Sometimes the drawing is made on paper and transferred to a heated stone by pressure. This is known as a transfer lithograph and does not require the artist to reverse his or her drawing. Next, the surface of the stone untouched by grease is desensitized to it, and the portions drawn upon are fixed against spreading by treatment with a gum arabic and nitric acid solution. The grease has now penetrated the stone, and the drawing is washed off with turpentine and water. The stone is ready to be inked with a roller and printed, but it must be kept moist. The printing requires a special lithographic press with a sliding bed passing under a scraper.

Applications

As a printing process lithography is probably the most unrestricted. It produces tones ranging from intense black to the most delicate gray as well as a full range of colors. It also simulates with equal facility the effects of pencil, pen, crayon, or brush drawing. White lines are readily produced by scratching through the drawing on the stone. Several hundred fine proofs can be taken from a stone. The medium was exploited by many artists in the 19th cent., including Goya, Delacroix, Daumier, Gavarni, Manet, Degas, Bonnard, Whistler, and Toulouse-Lautrec, whose posters are among the most celebrated lithographic masterworks. In the United States, A. B. Davies, George Bellows, Joseph Pennell, and Currier and Ives are among the many artists noted for their lithographs.

For the commercial reproduction of art works, photolithography has played an increasingly important role. In this process a photographic negative is exposed to light over a gelatin-covered paper. Wherever the light does not strike the gelatin, the latter remains soluble while the other parts are rendered insoluble. When the soluble portions are washed away, the pattern to be printed can be inked and transferred to the stone or plate. Color lithography and color photolithography require as many stones or plates as the number of colors employed. The commercial printing applications of the lithographic process are vast in scope and almost unlimited in number.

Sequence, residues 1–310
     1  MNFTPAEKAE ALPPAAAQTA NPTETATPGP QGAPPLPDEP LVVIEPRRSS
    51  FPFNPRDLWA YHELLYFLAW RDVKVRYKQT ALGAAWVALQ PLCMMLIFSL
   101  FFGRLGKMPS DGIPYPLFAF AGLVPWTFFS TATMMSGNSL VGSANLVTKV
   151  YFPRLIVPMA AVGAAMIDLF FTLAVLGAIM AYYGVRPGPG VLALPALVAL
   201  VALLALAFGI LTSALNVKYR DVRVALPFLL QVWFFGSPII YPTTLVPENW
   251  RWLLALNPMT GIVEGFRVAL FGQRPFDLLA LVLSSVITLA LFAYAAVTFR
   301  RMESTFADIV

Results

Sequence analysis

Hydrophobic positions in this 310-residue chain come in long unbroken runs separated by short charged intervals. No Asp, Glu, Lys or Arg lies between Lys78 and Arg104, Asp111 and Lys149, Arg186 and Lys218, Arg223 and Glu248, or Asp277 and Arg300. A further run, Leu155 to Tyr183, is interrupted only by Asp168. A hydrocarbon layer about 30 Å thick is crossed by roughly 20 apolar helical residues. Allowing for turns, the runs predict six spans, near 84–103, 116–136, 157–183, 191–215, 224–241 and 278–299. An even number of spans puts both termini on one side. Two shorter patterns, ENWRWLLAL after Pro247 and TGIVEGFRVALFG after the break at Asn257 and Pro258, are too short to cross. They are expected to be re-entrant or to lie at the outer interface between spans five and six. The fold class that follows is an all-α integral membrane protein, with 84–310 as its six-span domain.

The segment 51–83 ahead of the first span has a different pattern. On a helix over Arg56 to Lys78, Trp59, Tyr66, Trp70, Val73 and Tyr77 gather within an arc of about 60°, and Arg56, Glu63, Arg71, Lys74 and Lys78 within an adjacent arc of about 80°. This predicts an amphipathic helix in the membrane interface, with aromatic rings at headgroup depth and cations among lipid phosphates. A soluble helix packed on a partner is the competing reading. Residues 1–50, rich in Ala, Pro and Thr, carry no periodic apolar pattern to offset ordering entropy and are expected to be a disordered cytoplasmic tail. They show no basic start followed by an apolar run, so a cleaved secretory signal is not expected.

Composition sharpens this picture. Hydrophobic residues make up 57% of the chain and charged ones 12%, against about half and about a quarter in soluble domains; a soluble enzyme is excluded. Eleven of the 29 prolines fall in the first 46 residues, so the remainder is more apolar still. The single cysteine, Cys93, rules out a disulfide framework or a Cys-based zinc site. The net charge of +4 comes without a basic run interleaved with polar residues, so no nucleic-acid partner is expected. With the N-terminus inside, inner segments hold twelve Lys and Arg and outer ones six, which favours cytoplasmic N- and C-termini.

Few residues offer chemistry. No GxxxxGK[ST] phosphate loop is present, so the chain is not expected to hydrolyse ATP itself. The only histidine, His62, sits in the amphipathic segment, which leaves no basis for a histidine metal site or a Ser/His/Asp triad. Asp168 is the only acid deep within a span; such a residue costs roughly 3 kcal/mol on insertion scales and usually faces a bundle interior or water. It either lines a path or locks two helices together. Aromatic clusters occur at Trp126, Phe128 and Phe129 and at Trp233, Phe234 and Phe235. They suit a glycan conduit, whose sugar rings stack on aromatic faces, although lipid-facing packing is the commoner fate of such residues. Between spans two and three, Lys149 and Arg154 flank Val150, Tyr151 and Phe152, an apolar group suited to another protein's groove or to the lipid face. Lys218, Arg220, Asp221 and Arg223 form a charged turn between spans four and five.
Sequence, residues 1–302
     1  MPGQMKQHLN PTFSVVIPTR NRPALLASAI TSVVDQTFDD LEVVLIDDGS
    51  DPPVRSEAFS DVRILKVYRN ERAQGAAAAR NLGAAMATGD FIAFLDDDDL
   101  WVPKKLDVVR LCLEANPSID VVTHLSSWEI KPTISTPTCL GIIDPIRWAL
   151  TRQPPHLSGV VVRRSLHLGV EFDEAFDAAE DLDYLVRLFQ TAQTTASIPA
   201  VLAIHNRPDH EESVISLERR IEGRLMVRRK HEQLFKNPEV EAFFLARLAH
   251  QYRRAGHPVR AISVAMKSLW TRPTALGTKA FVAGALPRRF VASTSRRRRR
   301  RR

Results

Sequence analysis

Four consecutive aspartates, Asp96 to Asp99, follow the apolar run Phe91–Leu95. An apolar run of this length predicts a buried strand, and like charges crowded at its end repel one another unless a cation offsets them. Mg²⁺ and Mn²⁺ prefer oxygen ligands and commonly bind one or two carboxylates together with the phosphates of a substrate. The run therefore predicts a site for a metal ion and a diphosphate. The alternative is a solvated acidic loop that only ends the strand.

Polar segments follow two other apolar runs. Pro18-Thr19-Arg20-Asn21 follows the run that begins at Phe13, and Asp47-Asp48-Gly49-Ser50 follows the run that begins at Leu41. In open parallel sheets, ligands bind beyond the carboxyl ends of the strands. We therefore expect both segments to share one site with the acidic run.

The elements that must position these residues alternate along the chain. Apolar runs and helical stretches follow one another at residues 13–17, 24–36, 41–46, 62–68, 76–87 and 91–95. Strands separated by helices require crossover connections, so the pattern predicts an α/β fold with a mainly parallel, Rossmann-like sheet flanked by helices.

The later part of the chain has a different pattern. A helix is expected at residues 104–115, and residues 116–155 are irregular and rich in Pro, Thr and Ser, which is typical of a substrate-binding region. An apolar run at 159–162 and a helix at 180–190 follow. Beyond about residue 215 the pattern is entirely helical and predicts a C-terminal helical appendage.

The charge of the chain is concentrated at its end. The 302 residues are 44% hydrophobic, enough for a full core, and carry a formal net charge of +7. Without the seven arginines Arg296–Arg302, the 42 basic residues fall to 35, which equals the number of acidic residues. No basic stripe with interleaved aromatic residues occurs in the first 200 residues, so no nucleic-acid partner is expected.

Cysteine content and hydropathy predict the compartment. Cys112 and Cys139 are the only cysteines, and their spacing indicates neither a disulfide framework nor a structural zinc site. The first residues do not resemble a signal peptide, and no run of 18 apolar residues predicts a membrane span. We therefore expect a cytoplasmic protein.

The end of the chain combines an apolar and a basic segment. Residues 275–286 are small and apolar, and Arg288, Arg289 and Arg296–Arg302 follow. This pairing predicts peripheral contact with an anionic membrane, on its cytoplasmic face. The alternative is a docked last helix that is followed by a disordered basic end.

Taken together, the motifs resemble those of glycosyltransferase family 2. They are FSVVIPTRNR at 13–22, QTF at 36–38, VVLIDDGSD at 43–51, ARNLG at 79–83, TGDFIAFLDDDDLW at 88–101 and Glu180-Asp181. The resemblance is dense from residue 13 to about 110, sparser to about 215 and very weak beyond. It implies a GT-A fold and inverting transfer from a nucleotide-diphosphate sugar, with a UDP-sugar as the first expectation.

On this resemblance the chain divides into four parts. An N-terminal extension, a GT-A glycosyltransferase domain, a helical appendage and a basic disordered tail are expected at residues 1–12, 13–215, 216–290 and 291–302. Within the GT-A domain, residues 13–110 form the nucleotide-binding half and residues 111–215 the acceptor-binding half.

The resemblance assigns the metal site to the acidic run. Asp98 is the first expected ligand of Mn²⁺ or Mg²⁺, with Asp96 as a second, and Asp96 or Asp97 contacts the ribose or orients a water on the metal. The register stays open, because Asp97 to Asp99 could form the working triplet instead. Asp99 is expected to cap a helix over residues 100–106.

Bibliography

See J. Pennell and E. Pennell, Lithographs and Lithographers (1915); V. Strauss, Lithographers Manual (2 vol. 1958); W. Weber, A History of Lithography (1966); F. H. Man, Artists' Lithographs: A World History (1970).

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lithology

li·thol·o·gy / liˈ[unvoicedth]äləjē/ • n. the study of the general physical characteristics of rocks. Compare with petrology. ∎  the general physical characteristics of a rock or the rocks in a particular area: the lithology of South Dakota. DERIVATIVES: lith·o·log·ic / ˌli[unvoicedth]əˈläjik/ adj. lith·o·log·i·cal / ˌli[unvoicedth]əˈläjikəl/ adj. lith·o·log·i·cal·ly / ˌli[unvoicedth]əˈläjik(ə)lē/ adv.

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"lithology." The Oxford Pocket Dictionary of Current English. . Encyclopedia.com. 15 Dec. 2017 <http://www.encyclopedia.com>.

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"lithology." The Oxford Pocket Dictionary of Current English. . Retrieved December 15, 2017 from Encyclopedia.com: http://www.encyclopedia.com/humanities/dictionaries-thesauruses-pictures-and-press-releases/lithology

lithography

lithography In art, method of printing from a flat, inked surface. In traditional lithography, invented in the 1790s, the design is made on a prepared plate or stone with a greasy pencil, crayon, or liquid. Water applied to the surface is absorbed where there is no design. Oil-based printing ink, rolled over the surface, sticks to the design, but not to the moist areas. Pressing paper onto the surface produces a print.

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"lithography." World Encyclopedia. . Encyclopedia.com. 15 Dec. 2017 <http://www.encyclopedia.com>.

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"lithography." World Encyclopedia. . Retrieved December 15, 2017 from Encyclopedia.com: http://www.encyclopedia.com/environment/encyclopedias-almanacs-transcripts-and-maps/lithography

lithography

li·thog·ra·phy / liˈ[unvoicedth]ägrəfē/ • n. the process of printing from a flat surface treated so as to repel the ink except where it is required for printing. ∎ Electr. an analogous method for making printed circuits. DERIVATIVES: li·thog·ra·pher / -fər/ n.

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lithology

lithology The description of the macroscopic features of a rock, e.g. its texture or petrology.

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lithography

lithographydaffy, taffy •Amalfi •Cavafy, Gaddafi •Effie •beefy, Fifi, leafy •cliffy, iffy, jiffy, Liffey, niffy, sniffy, spiffy, squiffy, stiffy, whiffy •salsify •coffee, toffee •wharfie •Sophie, strophe, trophy •Dufy, goofy, Sufi •fluffy, huffy, puffy, roughie, roughy, scruffy, snuffy, stuffy, toughie •comfy • atrophy •anastrophe, catastrophe •calligraphy, epigraphy, tachygraphy •dystrophy, epistrophe •autobiography, bibliography, biography, cardiography, cartography, chirography, choreography, chromatography, cinematography, cosmography, cryptography, demography, discography, filmography, geography, hagiography, historiography, hydrography, iconography, lexicography, lithography, oceanography, orthography, palaeography (US paleography), photography, pornography, radiography, reprography, stenography, topography, typography •apostrophe •gymnosophy, philosophy, theosophy •furphy, murphy, scurfy, surfy, turfy